Set mostly in contemporary Cairo and Iraq, as well as Israel, London, and Hungary, these twelve short stories are a staggering follow-up to those in the acclaimed collection The Devil Is a Black Dog by leading Hungarian writer/photojournalist Sándor Jászberényi. Told from the perspective of Cairo-based European war correspondent Daniel Marosh, The Most Beautiful Night of the Soul is, above all, about a journalist examining some of today’s most pressing Middle East conflicts and the lives of others even while forced to question his own assumptions and haunted by his own demons.
A unique, insider’s view of the days, and disquieting nights, of one Middle East war correspondent who seeks the truth even while battling his own demons.
Resonates with the work of Tim O’Brien, Kevin Powers, Ernest Hemingway, and Graham Greenewhen journalism and an insider's view becomes literature in capital letters The author's own personal story⎯his unresolved relationships with his own father and with the mother of his child⎯provides a compelling emotional backdrop. Spare, gritty, Hemingwayesque prose.
|Publisher:||New Europe Books|
|Product dimensions:||5.50(w) x 8.25(h) x (d)|
About the Author
ABOUT THE AUTHOR
Sándor Jászberényi (Shahn-dor Yahs-ber-ay-ñee) is the author of the critically acclaimed short story collection The Devil Is a Black Dog: Stories from the Middle East and Beyond (first English edition, New Europe Books, 2014; UK/Commonwealth edition: Scribe, 2015; India edition: Speaking Tiger Books, 2015; translator: Matt Henderson Ellis). The Most Beautiful Night of the Soul won Hungary's prestigious Libri Literary Prize. As a correspondent for Hungarian news sites, Jászberényi has covered the conflict with Islamic State, unrest in Ukraine, the revolutions in Egypt and Libya, the Gaza War, and the Darfur crisis. His stories and poems have been published in English in AGNI, Guernica, Tablet, the Brooklyn Rail, BodyLiterature.com, and Pilvax, and his writings have appeared in the Wall Street Journal and New York Times Magazine. Jászberényi, who divides his time between Budapest and Cairo, is currently writing a novel.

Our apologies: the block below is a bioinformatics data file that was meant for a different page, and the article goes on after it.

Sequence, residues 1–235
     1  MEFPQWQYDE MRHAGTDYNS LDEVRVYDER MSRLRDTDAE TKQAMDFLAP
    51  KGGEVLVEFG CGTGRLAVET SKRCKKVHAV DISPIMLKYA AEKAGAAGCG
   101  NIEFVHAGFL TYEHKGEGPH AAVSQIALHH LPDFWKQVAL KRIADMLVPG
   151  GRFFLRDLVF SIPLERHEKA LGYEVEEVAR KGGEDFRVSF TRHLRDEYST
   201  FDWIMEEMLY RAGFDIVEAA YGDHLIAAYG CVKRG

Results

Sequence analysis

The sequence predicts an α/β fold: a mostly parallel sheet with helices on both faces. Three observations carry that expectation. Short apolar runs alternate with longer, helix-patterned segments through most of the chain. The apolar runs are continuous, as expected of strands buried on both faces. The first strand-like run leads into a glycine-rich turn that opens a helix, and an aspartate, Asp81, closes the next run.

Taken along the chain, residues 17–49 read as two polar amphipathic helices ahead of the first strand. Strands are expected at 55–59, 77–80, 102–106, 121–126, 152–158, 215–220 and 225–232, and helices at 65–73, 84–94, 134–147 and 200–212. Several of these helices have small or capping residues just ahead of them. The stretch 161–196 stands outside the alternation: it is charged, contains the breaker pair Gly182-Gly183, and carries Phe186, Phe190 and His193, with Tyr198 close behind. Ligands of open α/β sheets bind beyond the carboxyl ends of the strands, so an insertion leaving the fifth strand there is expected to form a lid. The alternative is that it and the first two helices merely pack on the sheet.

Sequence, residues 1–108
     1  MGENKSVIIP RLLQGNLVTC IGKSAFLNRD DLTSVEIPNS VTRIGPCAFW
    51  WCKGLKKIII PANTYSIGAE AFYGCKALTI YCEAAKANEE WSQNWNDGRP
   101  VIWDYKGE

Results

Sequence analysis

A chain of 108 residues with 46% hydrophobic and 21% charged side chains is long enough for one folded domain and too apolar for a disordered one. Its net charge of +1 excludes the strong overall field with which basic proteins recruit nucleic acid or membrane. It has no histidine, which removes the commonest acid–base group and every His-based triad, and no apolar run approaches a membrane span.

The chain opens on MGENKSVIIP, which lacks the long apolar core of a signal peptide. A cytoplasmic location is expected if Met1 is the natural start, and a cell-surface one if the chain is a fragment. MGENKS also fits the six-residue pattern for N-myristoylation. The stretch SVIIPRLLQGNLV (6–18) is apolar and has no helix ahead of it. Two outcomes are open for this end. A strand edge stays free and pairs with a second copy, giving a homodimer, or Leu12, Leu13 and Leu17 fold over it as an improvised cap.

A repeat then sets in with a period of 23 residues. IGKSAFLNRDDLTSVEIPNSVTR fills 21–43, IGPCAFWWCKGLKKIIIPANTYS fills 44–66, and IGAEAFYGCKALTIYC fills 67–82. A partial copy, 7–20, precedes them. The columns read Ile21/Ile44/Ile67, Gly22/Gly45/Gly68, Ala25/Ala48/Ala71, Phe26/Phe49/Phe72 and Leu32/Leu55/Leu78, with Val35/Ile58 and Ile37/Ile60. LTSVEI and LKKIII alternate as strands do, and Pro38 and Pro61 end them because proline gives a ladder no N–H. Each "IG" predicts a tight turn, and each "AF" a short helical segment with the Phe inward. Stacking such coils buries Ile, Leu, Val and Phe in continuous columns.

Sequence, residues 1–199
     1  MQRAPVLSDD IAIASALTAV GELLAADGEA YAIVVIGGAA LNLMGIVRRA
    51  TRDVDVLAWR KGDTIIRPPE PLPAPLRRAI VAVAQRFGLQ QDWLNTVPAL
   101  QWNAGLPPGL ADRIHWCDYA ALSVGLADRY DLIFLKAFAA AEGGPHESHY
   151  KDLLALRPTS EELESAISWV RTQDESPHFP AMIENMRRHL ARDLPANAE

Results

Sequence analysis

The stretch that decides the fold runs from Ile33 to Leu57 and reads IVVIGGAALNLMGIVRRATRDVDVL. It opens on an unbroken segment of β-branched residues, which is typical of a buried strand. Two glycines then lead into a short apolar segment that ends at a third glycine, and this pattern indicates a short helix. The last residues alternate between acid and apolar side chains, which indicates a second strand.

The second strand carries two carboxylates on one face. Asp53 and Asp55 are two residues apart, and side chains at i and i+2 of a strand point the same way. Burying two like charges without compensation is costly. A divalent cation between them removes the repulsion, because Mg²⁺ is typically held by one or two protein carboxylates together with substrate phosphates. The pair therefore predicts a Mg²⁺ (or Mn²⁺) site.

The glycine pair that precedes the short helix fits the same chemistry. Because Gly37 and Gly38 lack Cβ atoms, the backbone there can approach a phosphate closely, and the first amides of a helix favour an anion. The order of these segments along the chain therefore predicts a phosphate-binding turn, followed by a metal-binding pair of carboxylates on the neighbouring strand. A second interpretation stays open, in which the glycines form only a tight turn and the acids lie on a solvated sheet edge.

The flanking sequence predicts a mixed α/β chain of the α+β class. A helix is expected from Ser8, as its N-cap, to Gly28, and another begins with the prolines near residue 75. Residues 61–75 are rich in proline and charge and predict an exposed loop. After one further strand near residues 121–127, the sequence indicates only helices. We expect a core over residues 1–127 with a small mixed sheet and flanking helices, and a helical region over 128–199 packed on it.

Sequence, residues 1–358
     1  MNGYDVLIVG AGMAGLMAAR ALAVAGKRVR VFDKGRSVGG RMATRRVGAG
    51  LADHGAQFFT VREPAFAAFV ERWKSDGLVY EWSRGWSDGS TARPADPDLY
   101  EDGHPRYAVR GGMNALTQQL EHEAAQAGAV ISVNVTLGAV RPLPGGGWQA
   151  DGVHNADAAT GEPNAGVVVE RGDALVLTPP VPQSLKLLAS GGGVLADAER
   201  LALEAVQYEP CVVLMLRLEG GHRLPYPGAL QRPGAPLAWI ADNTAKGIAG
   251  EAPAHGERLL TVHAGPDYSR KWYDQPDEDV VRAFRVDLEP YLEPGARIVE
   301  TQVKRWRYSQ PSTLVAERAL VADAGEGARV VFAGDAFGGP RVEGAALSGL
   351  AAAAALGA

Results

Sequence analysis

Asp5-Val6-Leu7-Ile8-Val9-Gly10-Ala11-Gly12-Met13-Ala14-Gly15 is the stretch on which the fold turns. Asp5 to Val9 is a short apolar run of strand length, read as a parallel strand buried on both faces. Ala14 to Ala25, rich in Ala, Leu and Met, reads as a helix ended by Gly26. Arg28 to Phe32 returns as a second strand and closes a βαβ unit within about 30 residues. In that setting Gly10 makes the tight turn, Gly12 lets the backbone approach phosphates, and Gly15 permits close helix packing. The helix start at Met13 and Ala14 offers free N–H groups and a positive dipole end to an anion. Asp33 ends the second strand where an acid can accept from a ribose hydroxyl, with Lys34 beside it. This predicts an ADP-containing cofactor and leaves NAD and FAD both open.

ABOUT THE TRANSLATOR
Paul Olchváry, a native of Amherst, New York, spent much of his adult life in Hungary and has translated numerous Hungarian novels into English for such publishers as Simon & Schuster, New Directions, Hougton Mifflin, Northwestern, and Steerforth. He has received translation grants from the National Endowment for the Arts and Hungary's Milán Füst Foundation. He lives in Williamstown, Massachusetts.
Table of Contents
1 The Emperors of Existence 1
2 Beef Tongue 11
3 Winter in the Promised Land 18
4 The Peacock Angel 31
5 The Kingdom of God is Approaching 46
6 The Trial 53
7 Son of a Dog 63
8 The Good Customer 118
9 Banana Split 125
10 The Most Beautiful Night of the Soul 135
11 Someone Is Keeping Vigil For You 170
12 Crow Soup 195